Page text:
Elections 2012: Obama Says He Won’t Apologize To Mitt Romney for Bain Attacks

President Barack Obama has refused to apologize for accusing his rival Mitt Romney of outsourcing jobs while in charge of Bain Capital, a charge his Republican opponent has dismissed as “false.”

President Barack Obama will not apologize to Republican presidential candidate Mitt Romney for raising questions about his tenure and the timing of his departure from private equity firm Bain Capital, the Democrat said in an interview published on Sunday. Photo: Chuck Kennedy/The White House

President Obama and top campaign staffers made clear this weekend they will not apologize for saying the financial company Bain Capital outsourced jobs under Mitt Romney’s leadership and suggesting Romney may have committed a felony with his SEC filings, Fox News reports.

Republican presidential nominee Romney demanded an apology last week after Obama’s campaign suggested he may have broken the law by misrepresenting his position at private-equity firm Bain Capital, part of an assault on the former executive’s business career and personal wealth that may be hurting him in the polls.

“No, we won’t be apologizing,” Obama said in an interview with a Virginia television station WAVY.

“Mr. Romney claims that he’s Mr. Fix-it for the economy because of his business experience. And so I think voters entirely legitimately want to know, well what exactly was that business experience?” Obama said.

Questions about Romney’s tenure at Bain Capital and the fortune he earned there have dogged the former Massachusetts governor as Obama and his allies have said the Boston-based firm shipped jobs overseas. According to The Huff Post, Romney insists he left the company in February 1999 to take over the Olympic Games in Salt Lake City, but documents suggest he was still in charge as late as 2001.

Democrats have highlighted companies that went bankrupt or shipped jobs overseas under Bain’s ownership to argue that Romney is only concerned with helping his fellow millionaires, not working people.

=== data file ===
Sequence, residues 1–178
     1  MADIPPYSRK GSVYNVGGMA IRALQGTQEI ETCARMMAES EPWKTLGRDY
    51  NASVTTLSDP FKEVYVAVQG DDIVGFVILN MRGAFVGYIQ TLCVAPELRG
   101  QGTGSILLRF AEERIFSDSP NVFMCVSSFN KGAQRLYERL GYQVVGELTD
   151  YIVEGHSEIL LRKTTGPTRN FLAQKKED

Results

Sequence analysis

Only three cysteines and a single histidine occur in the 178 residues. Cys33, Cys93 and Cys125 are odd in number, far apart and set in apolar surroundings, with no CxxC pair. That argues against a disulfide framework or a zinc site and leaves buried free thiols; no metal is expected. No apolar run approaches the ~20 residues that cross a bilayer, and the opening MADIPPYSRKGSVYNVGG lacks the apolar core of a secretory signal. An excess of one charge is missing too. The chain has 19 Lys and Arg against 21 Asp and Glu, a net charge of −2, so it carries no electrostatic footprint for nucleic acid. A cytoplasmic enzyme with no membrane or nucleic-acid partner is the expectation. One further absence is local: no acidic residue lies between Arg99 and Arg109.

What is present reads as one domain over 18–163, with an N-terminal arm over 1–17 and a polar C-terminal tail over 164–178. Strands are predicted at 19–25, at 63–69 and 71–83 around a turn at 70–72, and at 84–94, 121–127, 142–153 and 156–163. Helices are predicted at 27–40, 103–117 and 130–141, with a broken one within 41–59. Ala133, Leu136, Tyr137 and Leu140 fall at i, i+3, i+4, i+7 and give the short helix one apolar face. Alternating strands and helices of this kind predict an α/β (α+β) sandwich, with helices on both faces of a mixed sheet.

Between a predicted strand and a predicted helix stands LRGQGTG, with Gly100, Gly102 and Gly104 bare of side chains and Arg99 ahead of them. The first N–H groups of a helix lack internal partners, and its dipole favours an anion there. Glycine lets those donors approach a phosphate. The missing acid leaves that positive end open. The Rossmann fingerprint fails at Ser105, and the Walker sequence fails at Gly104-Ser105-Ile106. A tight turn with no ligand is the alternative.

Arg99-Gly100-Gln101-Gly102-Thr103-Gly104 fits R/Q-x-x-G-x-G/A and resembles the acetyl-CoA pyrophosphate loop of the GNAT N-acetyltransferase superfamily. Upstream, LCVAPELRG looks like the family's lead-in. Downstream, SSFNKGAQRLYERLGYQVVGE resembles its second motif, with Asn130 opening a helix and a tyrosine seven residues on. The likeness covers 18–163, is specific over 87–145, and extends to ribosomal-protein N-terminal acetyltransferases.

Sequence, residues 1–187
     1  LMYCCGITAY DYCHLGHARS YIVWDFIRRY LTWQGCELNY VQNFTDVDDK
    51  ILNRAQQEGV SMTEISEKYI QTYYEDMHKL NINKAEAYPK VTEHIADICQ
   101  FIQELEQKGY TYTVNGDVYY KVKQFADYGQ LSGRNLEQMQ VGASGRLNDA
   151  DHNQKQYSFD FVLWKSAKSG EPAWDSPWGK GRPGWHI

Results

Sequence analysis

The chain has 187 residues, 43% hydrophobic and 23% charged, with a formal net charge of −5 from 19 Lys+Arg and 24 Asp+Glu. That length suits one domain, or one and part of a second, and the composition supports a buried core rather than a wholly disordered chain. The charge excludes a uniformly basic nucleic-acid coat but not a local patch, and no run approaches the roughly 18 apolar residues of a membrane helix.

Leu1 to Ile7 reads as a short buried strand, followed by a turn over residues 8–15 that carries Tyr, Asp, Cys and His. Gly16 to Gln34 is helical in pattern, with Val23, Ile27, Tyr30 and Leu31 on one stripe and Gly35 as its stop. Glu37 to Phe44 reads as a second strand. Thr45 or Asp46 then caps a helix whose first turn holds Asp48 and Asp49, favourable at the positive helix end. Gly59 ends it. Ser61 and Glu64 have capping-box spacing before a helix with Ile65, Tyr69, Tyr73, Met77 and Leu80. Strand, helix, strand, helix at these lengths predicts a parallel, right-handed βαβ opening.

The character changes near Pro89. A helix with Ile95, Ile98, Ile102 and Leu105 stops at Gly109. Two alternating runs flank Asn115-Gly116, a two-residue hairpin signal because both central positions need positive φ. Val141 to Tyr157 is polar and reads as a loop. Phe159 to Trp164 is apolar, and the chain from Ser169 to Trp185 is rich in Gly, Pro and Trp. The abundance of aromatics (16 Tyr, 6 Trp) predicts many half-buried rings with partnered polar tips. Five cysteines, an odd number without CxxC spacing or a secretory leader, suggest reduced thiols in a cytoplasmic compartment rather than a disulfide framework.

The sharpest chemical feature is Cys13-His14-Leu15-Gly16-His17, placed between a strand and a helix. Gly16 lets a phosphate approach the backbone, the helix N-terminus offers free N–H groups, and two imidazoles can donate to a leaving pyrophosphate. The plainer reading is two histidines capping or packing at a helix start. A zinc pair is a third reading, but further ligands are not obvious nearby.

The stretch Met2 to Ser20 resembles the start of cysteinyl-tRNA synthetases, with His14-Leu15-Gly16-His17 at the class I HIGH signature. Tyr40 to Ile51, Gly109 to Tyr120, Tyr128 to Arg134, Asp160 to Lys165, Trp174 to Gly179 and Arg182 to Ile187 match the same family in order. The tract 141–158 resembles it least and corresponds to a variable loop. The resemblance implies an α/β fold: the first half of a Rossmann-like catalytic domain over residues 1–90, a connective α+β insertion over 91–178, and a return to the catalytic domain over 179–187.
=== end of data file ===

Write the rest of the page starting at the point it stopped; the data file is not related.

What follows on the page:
Romney’s campaign has said he should not be held responsible for many of those decisions because they occurred after he took a leave of absence from Bain in February 1999 to oversee the 2002 Olympic Winter Games in Salt Lake City, writes Reuters.

However, Romney continued to claim in regulatory filings that he was still in charge of Bain through 2002, according to documents that have surfaced over the past week. Bain and Romney officials say it took several years to sort out the terms of his departure but that he was not involved with the company’s day-to-day operations during that time.

Romney’s advisers, trying to explain the discrepancies between Romney’s account and federal documents, offered fresh explanations to shift the campaign back to more comfortable ground.

“He actually retired retroactively at that point,” Romney adviser Ed Gillespie said. “He ended up not going back to the firm after his time in Salt Lake City. So he was actually retired from Bain.”

Obama’s campaign has accused Romney of being responsible for the firing of workers and bankruptcies at Bain-owned companies during those years.

“So, you know, as president of the United States, one of the things I’ve learned … was anything that happens on my watch is my responsibility. That’s what people expect. Harry Truman said ‘the buck stops with me’ and I think, understandably, people are going to be interested in are you (Romney) in fact responsible for this company that you say is one of your primary calling cards for your wanting to be president,” Obama sad in the interview.

Sen. Kelly Ayotte, R-N.H., said Obama’s attacks cheapen the presidency and are an attempt to distract voters from Obama’s record in office.

“With these attacks, it shows that he’s just a small politician and running on small-ball politics at a time when our country is facing grave, grave challenges,” Ayotte said.

The Romney campaign released a new television ad relying on footage of journalists talking about how Obama’s negative tactics this year contrasted sharply with the message of hope and change he campaigned on four years ago.

“This is not the candidate of hope and change, this is a candidate who is hoping to change the subject,” Republican Representative Paul Ryan, another possible vice presidential candidate, said on CBS’s “Face the Nation.”

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